Got the Bends

Vacation’s essence, starring Harry S. Truman and the Oyster Capital of the World.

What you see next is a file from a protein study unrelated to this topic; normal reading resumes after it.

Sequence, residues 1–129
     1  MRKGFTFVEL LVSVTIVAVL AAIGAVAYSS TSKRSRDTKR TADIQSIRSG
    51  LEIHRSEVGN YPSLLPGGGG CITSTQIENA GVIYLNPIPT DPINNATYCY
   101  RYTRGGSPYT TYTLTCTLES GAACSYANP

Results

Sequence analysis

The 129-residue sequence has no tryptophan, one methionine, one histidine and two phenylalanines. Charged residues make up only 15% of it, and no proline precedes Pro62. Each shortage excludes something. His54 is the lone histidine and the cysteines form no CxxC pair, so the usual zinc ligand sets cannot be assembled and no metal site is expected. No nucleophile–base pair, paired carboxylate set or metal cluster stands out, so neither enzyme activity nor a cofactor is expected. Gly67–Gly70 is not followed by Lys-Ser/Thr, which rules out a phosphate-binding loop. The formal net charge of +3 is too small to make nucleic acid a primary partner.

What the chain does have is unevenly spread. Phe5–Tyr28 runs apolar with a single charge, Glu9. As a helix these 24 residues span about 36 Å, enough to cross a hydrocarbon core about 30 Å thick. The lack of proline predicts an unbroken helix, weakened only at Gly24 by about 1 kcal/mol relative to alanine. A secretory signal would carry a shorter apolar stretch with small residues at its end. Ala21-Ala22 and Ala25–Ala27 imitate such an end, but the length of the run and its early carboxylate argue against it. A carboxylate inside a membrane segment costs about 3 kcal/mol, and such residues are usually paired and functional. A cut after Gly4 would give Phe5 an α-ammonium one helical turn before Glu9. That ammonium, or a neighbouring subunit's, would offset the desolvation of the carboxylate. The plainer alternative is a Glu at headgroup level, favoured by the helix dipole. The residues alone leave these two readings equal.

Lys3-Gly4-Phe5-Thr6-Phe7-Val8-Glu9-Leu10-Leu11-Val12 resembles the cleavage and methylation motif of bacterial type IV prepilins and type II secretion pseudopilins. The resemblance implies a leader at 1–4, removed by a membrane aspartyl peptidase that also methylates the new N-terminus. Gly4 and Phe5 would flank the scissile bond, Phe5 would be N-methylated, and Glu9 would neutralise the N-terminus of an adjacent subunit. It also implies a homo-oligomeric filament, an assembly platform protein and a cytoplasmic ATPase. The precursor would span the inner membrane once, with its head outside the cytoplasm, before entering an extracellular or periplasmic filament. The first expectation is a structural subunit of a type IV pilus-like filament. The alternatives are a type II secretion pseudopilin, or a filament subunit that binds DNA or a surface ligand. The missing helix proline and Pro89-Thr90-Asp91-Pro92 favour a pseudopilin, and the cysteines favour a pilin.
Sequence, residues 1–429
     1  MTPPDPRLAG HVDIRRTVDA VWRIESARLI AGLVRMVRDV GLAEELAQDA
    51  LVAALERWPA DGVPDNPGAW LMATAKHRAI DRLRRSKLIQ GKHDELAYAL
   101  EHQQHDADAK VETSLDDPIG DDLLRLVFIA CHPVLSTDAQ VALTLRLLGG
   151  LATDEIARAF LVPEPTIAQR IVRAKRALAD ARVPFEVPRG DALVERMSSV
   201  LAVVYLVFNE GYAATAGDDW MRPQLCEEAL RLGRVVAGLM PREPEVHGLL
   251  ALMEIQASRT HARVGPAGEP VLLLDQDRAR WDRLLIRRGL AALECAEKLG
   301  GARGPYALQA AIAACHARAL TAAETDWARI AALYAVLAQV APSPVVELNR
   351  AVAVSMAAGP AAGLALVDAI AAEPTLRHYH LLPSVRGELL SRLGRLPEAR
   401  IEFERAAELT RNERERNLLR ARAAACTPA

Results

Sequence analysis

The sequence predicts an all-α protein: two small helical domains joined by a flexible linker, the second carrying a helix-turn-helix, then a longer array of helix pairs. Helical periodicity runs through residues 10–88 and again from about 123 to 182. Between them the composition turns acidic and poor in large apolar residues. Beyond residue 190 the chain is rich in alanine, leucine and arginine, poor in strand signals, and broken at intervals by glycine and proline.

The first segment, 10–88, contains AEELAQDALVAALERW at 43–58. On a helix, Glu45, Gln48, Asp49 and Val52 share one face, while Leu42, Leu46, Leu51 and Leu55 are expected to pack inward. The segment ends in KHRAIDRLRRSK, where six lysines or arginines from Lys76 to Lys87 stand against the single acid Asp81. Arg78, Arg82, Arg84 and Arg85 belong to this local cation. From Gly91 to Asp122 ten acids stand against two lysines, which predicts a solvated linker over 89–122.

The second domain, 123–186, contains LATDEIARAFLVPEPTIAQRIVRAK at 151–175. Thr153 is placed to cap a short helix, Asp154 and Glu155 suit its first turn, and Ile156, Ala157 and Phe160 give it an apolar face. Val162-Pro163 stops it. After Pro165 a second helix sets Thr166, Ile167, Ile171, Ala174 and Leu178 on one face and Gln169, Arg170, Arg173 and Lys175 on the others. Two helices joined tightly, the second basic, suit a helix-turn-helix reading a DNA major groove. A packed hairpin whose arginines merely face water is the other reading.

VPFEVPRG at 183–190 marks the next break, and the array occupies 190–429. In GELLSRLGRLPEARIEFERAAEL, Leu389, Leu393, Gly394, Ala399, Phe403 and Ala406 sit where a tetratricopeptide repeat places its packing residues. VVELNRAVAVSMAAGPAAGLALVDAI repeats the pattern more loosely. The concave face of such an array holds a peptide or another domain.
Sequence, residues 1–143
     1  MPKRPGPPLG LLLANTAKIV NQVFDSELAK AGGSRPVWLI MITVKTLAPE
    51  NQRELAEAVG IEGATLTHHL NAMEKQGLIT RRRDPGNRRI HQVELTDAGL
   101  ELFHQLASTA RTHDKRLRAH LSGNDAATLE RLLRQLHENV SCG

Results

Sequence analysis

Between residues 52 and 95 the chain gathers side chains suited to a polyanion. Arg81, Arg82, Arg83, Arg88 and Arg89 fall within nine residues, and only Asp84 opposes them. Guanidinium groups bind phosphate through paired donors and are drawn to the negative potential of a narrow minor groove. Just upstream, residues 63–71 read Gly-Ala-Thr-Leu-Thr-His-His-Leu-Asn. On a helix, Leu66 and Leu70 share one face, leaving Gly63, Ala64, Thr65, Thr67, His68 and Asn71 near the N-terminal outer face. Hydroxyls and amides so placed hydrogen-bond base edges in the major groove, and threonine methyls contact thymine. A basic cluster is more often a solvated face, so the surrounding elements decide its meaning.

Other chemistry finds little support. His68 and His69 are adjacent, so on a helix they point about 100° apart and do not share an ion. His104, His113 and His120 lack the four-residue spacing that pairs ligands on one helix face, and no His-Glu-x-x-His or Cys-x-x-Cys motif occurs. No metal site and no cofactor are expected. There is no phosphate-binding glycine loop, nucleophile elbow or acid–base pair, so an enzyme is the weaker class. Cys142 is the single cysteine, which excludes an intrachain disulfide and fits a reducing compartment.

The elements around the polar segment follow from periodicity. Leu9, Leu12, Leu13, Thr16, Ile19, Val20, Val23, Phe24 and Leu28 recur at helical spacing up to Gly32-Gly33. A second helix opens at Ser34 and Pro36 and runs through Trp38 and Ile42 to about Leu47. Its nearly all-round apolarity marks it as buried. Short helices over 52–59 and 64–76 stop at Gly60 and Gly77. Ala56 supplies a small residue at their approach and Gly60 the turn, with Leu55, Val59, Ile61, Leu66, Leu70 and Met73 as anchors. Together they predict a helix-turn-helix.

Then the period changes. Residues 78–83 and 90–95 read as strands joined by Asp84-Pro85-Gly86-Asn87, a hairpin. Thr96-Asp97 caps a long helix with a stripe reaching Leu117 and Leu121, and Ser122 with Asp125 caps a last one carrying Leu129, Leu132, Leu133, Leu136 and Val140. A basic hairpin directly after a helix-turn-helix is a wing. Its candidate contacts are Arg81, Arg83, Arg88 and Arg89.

Ask a Washingtonian where South Bend is, and she'll likely point you in the direction of Indiana, where a college student dressed up as a leprechaun dances on the 50-yard-line a half-dozen Saturdays a year. What she'll be highly unlikely to do is point you 126 miles south on 101, to Washington's clandestine Cranberry Coast—best known for being the home of the chilliest surfing scene in the lower 48, and least known for being the home of South Bend, Washington, aka "the oyster capital of the world."People who do know of South Bend's existence know it as the place they stop for gas or a quick bite en route to Long Beach or Ocean Shores. While South Bend has a shoreline, it's a river shore (the Willapa)—albeit a river shore very near the mouth of the Pacific Ocean. Downtown, there's a bowling alley, a grocery store, a service station, a bar, a historic courthouse, a couple antique shops, a couple motels, a couple restaurants, and more than a couple mountains of oyster shells.North of South Bend is the larger town of Raymond, where Weyerhaeuser is the dominant employer and logging is still the dominant industry. In South Bend and all points south, the timber trade gives way to an economy that ebbs and flows with the whims of the sea and its slippery, edible occupants.But what if you were to stop in South Bend—to spend a night instead of an hour? What would that be like? It would be the essence of vacation, distilled to its very core—and leaving you a lot more money left over than a rum-drenched trip to Grand Cayman.Consider the human practice of extended leisure time, and consider it at a fiscal level a good depth below that of a go-go software exec. What do Joe and Jane Six-Pack want out of their time away from life's little pressures? For starters, they'll want a six-pack—several of them, actually; and they might want a shot of stiffer stuff every third beer to keep things interesting. They'll want their cooking done for them, but not necessarily with a linen tablecloth and proper cutlery. They'll want their room cleaned for them every morning, and they won't want to pay an arm and a leg for that room. And they'll want all this to occur in an idyllic, pristine setting that's worlds removed from home—in a psychological, if not geographic, sense.South Bend and its blink-and-you'll-miss-it neighbor to the south, Bay Center, offer all these elements. A de facto view condominium with its own front porch and entrance can be rented from the proprietors of the a Motel for a mere $80 per night. A couple blocks away sits the Chester Club, a vintage, biker-friendly roadhouse with enormous, fresh-caught oyster shooters and cheap dispensations of mescal. As the sun sets at the Chester, workaday amnesia sets in; it's just you, whoever you care to talk to, and the bar.A similar sensation can be found at the Mt. Si Tavern near North Bend (with Washington's two Bends, you've got to wonder why the best-known Bend is in Oregon). Visible from I-90, the Mt. Si Tavern looks like just another place to pull off the interstate and grab a quick beer. In fact, nothing could be further from the truth.Stepping into the Mt. Si Tavern is like stepping into a beer commercial, and not just because of the shed out back with a pair of skis mounted atop it and a Budweiser sign nearby. Inside, the tavern has a log-cabin feel, with booths hand-carved from what was undoubtedly timber harvested from nearby forests. The bartender is super-friendly— especially if you order Pabst—and there's a pedestrian speed bump of sorts near the bathrooms that's liable to trip you up if you don't know it's there.But, wow, the backyard—so unexpected. Oh, sure, there are a few tables on a patio nestled up against the tavern's rear wall, but there are also two horseshoe pits, the aforementioned ski shack, a flower-ringed evergreen tree sticking out of an impeccably manicured lawn, and majestic Mt. Si rising high into the sky. This blue-collar country club makes you forget entirely that one of the country's busiest interstates is only a few yards away.A mile or so down the road is downtown North Bend, instantly evocative of the greatest dramatic network television series of all time, David Lynch's Twin Peaks. The Double-R Diner is actually a place called Twede's Cafe, but the streetscape has been preserved to the point where you half expect to get stopped by Sheriff Harry S. Truman himself and asked if you know who killed Laura Palmer.Up the street from a throwback Dairy Freeze on North Bend Way is a small bar called the Sure Shot. Here, the pool-hustling focus is made clear on its marquee, which includes an 8-Ball—thus making it the perfect place for the fictitious Renault brothers to hand off product to Twin Peaks' network of small-time coke dealers.Heading back to the coast, it's impossible to consider the full breadth of South Bend's appeal without a jaunt to Bay Center. Here, aside from a handful of small waterfront fish-processing operations, sits a bar called the Dock of the Bay— "the only going concern in Bay Center," in the words of the Seaquest's matronly owner.By early afternoon, a small group of affable clam-diggers is already four beers into their Saturday drinking quest (these guys get up at 3 a.m., so it may as well be happy hour). The conversational rudder in this group is a guy named Kenny, who's arguing with his fellow diggers over who wrote the Bible. Mathematicians, says one guy. Nobody, says a Big-Bang believer. "A troll under a bridge," says another. "We're all descendants of Sasquatch, not monkeys," concludes Kenny, who insists he's heard a Sasquatch in the woods nearby, and knows exactly what one sounds like. (It should also be noted that both the fried halibut and oysters at Dock of the Bay are easily the most succulent this writer has ever consumed.)In the late '60s, with the Vietnam War being fought with full fervor, author Tom Robbins (currently based in La Conner) moved from Ballard to South Bend, where he wrote his debut novel, Another Roadside Attraction. Of the natives who hung 'round the house he shared with his girlfriend at the time, Robbins says: "They were great kids—very smart despite limited exposure to things cultural or intellectual. There was a tavern, all right, but it was almost exclusively frequented by morose loggers and mill workers, who dropped in to get beered up before going home to beat their wives."When out-of-town friends would drop in on Robbins, he would quickly escort them to Bay Center. "There was a funky place there called the Penguin Inn, which, in addition to a somewhat more cheerful clientele, would sell you a huge platter of broken oyster pieces, nicely fried, for a dollar," he recalls. "The beer was cold, and you had the feeling of being far removed from turbulent America."If you were to sum up vacation in an oyster shell, that'd be about right.mseely@seattleweekly.comFor more info, visit and